The Prison Violence Intervention (PVI) aims to enhance safety and security in prisons for both staff and incarcerated people, and create the conditions necessary for treatment, rehabilitation, and effective reentry. PVI relies on direct communication with incarcerated people through call-ins, as well as briefings during intake and documents distributed to cells, to deliver an anti-violence message from community members, information about consequences for further violence, and an offer of help for those who want it. The strategy uses the National Network’s process to identify the institution’s key players and target serious prison offenses such as assaults against staff, multi-prisoner fights, and assaults with weapons.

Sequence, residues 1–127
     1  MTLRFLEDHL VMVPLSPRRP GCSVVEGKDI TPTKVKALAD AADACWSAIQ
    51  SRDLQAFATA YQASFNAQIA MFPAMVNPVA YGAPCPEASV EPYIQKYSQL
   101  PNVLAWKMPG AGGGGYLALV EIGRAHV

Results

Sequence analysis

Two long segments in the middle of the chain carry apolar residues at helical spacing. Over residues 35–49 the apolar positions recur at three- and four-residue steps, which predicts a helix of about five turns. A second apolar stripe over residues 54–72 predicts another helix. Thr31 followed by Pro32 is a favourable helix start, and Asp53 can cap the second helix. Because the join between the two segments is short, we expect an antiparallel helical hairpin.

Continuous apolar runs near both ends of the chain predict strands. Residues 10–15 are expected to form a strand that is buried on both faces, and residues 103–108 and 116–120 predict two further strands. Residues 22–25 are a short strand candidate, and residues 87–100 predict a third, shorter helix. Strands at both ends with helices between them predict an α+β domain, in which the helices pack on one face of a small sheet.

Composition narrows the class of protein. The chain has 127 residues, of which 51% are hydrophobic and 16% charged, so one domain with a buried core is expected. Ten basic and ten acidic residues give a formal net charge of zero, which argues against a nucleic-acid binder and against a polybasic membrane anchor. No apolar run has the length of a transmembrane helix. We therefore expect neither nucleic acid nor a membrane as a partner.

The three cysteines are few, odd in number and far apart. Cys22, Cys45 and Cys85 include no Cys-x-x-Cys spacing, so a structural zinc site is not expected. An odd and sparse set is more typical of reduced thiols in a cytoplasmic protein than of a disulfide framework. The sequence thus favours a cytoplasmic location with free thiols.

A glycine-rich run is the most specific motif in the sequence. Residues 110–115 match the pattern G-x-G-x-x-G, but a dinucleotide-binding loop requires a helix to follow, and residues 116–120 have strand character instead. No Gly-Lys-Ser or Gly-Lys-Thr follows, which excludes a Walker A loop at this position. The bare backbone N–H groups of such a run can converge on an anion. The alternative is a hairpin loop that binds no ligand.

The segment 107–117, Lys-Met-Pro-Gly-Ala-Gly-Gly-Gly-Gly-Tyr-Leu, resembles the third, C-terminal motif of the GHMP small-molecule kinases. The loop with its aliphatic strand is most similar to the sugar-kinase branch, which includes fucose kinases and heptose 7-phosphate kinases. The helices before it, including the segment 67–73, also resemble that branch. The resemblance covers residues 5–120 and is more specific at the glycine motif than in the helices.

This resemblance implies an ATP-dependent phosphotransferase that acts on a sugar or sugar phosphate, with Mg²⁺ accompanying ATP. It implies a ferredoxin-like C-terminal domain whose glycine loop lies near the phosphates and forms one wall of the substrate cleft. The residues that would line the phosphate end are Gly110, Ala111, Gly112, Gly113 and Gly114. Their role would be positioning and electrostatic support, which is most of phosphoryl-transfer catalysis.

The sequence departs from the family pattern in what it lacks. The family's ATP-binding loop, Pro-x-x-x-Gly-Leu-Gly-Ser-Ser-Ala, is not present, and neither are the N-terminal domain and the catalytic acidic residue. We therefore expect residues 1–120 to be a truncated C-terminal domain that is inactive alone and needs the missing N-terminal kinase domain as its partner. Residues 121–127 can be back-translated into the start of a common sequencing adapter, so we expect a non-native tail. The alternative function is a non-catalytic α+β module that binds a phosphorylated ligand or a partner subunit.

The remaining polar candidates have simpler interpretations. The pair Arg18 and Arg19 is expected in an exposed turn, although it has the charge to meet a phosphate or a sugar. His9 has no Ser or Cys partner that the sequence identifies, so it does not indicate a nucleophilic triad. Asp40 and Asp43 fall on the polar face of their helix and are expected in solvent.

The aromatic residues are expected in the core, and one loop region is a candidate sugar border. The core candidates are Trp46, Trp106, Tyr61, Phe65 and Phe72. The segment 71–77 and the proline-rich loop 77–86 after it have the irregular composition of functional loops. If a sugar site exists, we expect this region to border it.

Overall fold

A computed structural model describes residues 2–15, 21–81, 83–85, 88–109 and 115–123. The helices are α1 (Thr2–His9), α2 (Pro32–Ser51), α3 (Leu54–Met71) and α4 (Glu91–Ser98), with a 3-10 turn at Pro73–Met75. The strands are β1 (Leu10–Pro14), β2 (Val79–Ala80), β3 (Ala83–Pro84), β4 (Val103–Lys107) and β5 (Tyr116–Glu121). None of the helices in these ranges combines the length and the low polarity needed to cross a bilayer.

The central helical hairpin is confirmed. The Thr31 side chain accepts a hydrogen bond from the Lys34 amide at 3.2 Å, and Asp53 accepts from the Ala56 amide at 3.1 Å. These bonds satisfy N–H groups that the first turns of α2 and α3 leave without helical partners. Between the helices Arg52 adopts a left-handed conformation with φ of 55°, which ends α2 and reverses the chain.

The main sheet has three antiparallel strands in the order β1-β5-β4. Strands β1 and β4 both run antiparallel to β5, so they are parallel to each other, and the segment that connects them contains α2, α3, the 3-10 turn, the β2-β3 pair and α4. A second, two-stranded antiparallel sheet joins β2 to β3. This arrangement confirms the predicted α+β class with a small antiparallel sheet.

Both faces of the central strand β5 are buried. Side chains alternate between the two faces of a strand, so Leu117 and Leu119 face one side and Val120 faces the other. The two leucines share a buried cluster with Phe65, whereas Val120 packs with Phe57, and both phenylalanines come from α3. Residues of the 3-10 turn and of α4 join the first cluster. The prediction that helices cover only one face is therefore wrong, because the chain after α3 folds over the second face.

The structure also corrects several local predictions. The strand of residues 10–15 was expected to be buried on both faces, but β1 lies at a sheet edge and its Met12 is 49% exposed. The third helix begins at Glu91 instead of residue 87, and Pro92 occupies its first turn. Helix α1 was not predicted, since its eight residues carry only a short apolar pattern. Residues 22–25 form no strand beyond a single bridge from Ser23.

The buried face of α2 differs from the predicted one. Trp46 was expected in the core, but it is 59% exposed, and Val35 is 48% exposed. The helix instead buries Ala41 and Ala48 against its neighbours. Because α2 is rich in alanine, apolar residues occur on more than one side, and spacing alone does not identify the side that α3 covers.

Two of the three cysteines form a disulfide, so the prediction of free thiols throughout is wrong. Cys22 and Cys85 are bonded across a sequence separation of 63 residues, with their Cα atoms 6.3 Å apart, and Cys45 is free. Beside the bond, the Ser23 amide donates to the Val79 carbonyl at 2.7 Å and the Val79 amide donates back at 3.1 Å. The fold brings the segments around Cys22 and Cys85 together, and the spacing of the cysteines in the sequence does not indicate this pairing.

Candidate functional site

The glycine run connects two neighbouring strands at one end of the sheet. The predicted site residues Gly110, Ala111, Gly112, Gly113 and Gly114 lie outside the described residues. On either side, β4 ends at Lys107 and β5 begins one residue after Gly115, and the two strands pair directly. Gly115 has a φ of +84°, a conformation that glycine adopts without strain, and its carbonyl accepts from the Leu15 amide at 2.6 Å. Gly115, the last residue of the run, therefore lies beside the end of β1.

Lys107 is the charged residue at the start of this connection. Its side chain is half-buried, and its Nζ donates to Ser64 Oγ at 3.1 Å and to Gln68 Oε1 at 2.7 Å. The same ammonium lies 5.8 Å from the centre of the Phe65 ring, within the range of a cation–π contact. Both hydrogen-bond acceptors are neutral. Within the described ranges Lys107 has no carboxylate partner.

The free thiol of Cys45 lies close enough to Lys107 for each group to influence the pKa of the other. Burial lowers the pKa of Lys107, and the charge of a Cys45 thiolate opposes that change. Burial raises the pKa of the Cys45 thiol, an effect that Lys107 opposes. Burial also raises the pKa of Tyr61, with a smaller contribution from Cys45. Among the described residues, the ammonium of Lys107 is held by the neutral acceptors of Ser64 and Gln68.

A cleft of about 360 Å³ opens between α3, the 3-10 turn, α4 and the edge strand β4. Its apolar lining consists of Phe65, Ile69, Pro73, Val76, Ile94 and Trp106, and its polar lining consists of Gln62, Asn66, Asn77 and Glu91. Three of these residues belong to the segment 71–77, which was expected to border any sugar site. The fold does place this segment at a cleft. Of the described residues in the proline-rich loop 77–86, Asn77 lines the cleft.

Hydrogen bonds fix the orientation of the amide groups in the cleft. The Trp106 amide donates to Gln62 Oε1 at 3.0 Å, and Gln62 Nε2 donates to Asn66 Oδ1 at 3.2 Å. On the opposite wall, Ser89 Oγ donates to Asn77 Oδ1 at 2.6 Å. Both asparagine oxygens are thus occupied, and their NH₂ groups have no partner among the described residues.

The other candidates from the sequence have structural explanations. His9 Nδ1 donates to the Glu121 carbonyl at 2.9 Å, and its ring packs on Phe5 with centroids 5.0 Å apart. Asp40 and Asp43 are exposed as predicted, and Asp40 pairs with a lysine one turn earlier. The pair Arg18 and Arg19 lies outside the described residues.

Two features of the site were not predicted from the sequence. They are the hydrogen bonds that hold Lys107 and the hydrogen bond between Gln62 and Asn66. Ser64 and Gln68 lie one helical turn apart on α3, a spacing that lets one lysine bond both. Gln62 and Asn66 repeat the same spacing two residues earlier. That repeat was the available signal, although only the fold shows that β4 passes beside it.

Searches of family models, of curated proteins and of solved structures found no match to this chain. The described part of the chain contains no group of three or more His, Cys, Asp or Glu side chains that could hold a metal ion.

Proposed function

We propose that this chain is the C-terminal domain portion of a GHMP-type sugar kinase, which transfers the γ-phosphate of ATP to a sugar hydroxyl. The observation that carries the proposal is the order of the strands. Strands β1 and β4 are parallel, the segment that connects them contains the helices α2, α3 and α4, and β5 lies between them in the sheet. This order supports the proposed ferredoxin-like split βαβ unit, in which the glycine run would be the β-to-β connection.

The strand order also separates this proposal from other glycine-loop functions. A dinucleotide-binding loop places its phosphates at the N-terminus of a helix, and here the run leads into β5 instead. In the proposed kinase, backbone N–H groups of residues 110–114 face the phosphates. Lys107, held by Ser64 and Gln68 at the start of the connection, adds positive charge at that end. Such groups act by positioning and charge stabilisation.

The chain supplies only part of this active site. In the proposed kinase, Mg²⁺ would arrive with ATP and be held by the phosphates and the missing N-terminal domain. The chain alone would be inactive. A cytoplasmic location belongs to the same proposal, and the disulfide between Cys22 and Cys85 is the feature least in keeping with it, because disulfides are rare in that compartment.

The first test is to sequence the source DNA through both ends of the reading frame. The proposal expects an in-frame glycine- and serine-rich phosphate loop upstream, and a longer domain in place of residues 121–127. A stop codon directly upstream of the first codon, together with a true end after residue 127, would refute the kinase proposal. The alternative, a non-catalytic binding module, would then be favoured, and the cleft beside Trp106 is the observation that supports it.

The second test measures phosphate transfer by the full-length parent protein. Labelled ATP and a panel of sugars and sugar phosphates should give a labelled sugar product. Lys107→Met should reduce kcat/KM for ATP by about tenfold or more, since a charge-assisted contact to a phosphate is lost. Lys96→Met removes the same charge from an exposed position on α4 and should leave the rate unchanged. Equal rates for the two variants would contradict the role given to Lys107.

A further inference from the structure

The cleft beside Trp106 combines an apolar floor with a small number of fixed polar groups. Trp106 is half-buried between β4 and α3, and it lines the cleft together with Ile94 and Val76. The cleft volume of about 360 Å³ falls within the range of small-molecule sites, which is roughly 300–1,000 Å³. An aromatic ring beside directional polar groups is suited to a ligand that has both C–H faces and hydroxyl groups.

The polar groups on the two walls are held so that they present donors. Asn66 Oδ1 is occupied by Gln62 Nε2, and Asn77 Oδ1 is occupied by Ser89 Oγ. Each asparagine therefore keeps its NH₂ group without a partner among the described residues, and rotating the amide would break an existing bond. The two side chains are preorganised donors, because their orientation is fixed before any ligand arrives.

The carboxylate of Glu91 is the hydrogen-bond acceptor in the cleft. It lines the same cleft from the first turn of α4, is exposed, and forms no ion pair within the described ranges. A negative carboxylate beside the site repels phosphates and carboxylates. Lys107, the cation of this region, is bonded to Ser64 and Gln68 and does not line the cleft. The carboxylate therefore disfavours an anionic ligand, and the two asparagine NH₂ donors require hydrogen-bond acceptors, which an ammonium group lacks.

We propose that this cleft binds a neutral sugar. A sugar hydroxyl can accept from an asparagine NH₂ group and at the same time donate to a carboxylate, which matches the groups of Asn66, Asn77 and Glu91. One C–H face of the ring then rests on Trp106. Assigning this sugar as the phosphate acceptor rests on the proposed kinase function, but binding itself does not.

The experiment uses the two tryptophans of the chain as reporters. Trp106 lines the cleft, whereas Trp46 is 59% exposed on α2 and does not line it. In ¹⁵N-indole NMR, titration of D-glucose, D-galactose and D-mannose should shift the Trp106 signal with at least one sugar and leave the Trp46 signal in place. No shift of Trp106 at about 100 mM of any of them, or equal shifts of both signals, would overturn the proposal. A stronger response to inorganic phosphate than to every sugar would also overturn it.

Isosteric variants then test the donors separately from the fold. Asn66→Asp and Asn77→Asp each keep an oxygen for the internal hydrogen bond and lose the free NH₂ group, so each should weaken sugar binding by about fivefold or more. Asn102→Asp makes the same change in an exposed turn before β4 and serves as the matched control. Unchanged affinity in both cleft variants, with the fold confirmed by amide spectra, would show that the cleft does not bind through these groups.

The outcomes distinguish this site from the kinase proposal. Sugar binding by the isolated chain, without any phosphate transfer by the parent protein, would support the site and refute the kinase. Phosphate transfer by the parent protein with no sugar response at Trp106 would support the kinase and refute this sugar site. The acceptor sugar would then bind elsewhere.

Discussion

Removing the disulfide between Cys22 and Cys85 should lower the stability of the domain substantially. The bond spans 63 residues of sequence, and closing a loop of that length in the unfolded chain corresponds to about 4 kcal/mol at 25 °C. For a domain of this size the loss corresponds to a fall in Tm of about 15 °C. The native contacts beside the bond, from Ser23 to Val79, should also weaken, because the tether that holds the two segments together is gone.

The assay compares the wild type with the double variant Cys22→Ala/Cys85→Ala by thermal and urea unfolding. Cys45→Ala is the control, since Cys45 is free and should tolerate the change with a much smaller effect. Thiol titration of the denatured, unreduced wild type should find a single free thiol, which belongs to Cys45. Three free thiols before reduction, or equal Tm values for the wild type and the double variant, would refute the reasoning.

In call-in meetings, prison staff informs incarcerated persons that further violence by any member of a group will result in swift, certain consequences for its members—things meaningful to prisoners, like limits on telephone privileges, personal radio use, television access, or time in the yard. The prison also invites family, influential community members, and formerly incarcerated people to speak to prisoners, sharing their experiences with the damage caused by group-related violence. Finally, prison staff explain the help they can offer—opportunities like substance abuse counseling, and GED and vocational classes aimed at making good use of their time and helping them come out prepared.
Initial reports from the Washington State Department of Corrections, where the strategy was piloted, suggest that it has resulted in significant decreases in violent acts against staff and other prisoners.